The toner composition of the invention is formed by selecting a portion of at least one pigment comprising regulated material and a portion of at least one pigment without regulated material. Pigments (or dyes) which contain regulated materials are readily determined by one of ordinary skill in the art. The portions are selected to provide developer properties while maintaining the regulated material content of the toner composition below a prescribed level. The prescribed level may be determined according to a hazardous waste disposal standard. After the portions of the pigment comprising regulated material and the pigment without regulated material are selected, the pigments are dispersed in the toner composition according to the selected portions.
While the prescribed level usually is determined according to a hazardous waste disposal standard, the prescribed level may be determined according to any required set level of regulated material content for toner compositions. The proportion of portions of pigment comprising regulated material to pigment without regulated material can be between 1/10 and 10/1 pigment comprising regulated material pigment without regulated material. A preferred proportion is between 2/1 and 1/2 pigment comprising regulated material pigment without regulated material. The proportion of pigment comprising regulated material to pigment without regulated material will vary from at least some pigment comprising regulated material to a maximum proportion determined by the total weight percent of pigment in the toner composition according to the prescribed level.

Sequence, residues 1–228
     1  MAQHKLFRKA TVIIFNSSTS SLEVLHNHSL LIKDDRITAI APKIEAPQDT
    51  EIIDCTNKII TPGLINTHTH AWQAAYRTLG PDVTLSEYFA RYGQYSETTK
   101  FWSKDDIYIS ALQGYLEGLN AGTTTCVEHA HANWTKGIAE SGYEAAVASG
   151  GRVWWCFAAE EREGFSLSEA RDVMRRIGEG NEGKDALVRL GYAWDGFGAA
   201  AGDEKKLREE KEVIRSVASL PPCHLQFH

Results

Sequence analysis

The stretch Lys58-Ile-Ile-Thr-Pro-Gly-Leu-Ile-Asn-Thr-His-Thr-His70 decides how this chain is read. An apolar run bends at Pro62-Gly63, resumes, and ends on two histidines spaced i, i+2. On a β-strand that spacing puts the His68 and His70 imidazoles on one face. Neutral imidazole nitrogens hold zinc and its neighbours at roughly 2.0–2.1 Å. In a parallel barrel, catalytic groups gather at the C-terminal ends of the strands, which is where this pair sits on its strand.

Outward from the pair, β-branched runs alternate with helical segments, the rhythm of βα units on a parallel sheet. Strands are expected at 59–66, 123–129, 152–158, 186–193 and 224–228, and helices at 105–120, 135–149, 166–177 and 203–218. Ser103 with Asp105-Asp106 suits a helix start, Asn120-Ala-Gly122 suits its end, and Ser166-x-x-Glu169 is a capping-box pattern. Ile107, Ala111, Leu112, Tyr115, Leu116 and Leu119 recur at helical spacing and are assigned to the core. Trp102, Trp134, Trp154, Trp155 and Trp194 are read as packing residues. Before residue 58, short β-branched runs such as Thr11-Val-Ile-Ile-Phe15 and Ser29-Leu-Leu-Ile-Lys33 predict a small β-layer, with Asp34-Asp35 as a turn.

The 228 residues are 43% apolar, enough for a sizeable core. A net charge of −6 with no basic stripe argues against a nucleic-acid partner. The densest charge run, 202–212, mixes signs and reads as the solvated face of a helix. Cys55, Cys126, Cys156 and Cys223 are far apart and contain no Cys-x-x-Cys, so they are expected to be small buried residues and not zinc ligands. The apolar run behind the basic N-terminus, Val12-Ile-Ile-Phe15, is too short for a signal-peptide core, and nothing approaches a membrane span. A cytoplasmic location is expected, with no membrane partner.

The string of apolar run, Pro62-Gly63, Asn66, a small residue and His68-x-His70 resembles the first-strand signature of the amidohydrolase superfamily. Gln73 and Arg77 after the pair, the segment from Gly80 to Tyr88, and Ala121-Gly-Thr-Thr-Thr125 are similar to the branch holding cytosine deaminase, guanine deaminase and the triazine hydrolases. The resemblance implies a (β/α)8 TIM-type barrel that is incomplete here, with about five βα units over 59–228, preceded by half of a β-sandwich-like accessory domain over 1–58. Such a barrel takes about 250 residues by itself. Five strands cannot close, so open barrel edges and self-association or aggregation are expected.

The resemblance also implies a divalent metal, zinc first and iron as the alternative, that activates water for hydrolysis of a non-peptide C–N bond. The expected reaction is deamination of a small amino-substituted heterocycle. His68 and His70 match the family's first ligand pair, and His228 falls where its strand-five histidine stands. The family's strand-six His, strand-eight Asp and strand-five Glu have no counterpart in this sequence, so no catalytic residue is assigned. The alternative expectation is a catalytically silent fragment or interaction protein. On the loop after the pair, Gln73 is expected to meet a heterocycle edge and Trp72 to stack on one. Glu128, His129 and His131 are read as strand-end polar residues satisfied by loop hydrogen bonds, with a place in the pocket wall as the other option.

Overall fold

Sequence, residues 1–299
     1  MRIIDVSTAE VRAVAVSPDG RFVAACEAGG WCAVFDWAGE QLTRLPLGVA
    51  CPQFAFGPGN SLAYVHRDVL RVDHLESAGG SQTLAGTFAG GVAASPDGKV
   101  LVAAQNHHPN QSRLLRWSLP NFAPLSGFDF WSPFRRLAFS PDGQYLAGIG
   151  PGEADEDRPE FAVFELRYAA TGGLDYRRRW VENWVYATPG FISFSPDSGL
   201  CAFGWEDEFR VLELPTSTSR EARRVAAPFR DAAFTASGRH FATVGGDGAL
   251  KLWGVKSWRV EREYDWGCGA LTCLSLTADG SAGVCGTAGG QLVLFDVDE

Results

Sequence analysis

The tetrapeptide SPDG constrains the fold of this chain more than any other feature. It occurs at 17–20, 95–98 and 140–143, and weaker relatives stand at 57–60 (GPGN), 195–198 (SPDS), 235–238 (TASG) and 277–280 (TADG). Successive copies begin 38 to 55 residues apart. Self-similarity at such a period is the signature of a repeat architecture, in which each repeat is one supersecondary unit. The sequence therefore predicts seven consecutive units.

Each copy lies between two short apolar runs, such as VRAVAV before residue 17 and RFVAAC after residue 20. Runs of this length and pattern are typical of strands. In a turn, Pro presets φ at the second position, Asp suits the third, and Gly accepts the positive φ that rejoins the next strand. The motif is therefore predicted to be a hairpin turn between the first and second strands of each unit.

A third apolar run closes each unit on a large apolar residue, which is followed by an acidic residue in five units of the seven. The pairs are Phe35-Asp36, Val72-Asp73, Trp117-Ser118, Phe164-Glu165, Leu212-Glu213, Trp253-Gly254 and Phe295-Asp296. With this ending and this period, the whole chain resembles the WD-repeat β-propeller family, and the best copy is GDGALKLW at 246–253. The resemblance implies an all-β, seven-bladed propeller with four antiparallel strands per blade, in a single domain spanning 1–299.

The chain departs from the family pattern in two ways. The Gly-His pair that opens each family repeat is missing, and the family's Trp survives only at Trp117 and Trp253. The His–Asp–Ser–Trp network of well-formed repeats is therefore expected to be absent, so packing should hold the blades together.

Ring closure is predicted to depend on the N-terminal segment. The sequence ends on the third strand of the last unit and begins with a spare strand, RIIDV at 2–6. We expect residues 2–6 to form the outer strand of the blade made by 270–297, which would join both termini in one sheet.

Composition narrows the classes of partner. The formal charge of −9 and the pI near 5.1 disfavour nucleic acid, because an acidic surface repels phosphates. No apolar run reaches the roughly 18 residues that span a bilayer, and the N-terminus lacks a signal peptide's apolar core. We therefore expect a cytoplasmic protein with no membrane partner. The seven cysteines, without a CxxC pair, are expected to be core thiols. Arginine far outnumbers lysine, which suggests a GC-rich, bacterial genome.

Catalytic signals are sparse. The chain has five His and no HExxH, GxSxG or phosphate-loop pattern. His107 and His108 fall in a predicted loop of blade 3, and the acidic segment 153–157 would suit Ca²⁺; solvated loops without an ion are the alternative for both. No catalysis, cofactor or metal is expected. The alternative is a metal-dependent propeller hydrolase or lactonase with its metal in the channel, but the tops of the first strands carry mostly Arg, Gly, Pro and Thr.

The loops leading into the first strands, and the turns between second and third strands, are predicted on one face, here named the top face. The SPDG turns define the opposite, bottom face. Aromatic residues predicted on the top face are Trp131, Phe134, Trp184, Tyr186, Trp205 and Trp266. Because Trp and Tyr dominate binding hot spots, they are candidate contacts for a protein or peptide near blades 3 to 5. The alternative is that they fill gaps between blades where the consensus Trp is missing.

While the discussion above is focused upon pigmented toner compositions, the description is equally applicable to toner compositions containing a mixture of pigments and dyes or dyes alone as the colorant. Suitable dyes for use in the toner compositions of the present invention are well-known dyes such as, for example, anthraquinones, monoazo dyes, diazo dyes, phthalocyanines. azaannulenes, and formazan copper complexes, triphenodioxazines. Specific examples include, but are not limited to, Carodirect Turquoise FBL Supra Conc. (Direct Blue 199). available from Carolina Color and Chemical; Special Fast Turquoise 8GL Liquid (Direct Blue 86), available from Mobay Chemical; Thermoplast Blue dye; Drimarene Brilliant Red X-2B (Reactive Red 56), available from Pylam, Inc.; Levafix Brilliant Red E-4B, available from Mobay Chemical; Procion Red H8B (Reactive Red 31), available from ICI America; Carodirect Yellow RL (Direct Yellow 86), available from Carolina Color and Chemical; Cartasol Yellow GTF Liquid Special 110, available from Sandoz, Inc.; D&C Yellow #10 (Acid Yellow 3), available from Tricon; Yellow Shade 16948, available from Tricon, Basacid Black X34, available from BASF, Carta Black 2GT, available from Sandoz, Inc.; Levanol Brilliant Red 3BW (Mobay Chemical Company); Levaderm Lemon Yellow (Mobay Chemical Company); Sirius Supra Yellow GD 167; Cartasol Brilliant Yellow 4GF (Sandoz); Pergasol Yellow CGP (Ciba-Geigy); Pyrazol Black BG (ICI); Morfast Black Conc A (Morton-Thiokol); Diazol Black RN Quad (ICI); Luxol Blue MBSN (Morton-Thiokol); Sevron Blue 5GMF (ICI); Basacid Blue 750 (BASF); Bernacid Red, available from Berncolors, Poughkeepsie, N.Y.; Pontamine Brilliant Bond Blue; Telon Fast Yellow 4GL-175; BASF Basacid Black SE 0228; the Pro-Jet series of dyes available from ICI, including Pro-Jet Yellow I (Direct Yellow 86), Pro-Jet Magenta I(Acid Red 249), Pro-Jet Cyan I (Direct Blue 199), Pro-Jet Black I (Direct Black 168), Pro-Jet Yellow 1-G (Direct Yellow 132), Aminyl Brilliant Red F-B, available from Sumitomo Chemical Co. (Japan), the Duasyn line of "salt-free" dyes available from Hoechst, such as Duasyn Direct Black HEF-SF (Direct Black 168), Duasyn Black RL-SF (Reactive Black 31), Duasyn Direct Yellow 6G-SF VP216 (Direct Yellow 157), Duasyn Acid Yellow XX-SF VP413 (Acid Yellow 23), Duasyn Brilliant Red F3B-SF VP218 (Reactive Red 180), Duasyn Rhodamine B-SF VP353 (Acid Red 52), Duasyn Acid Blue AE-SF VP344 (Acid Blue 9), and the like, as well as mixtures thereof.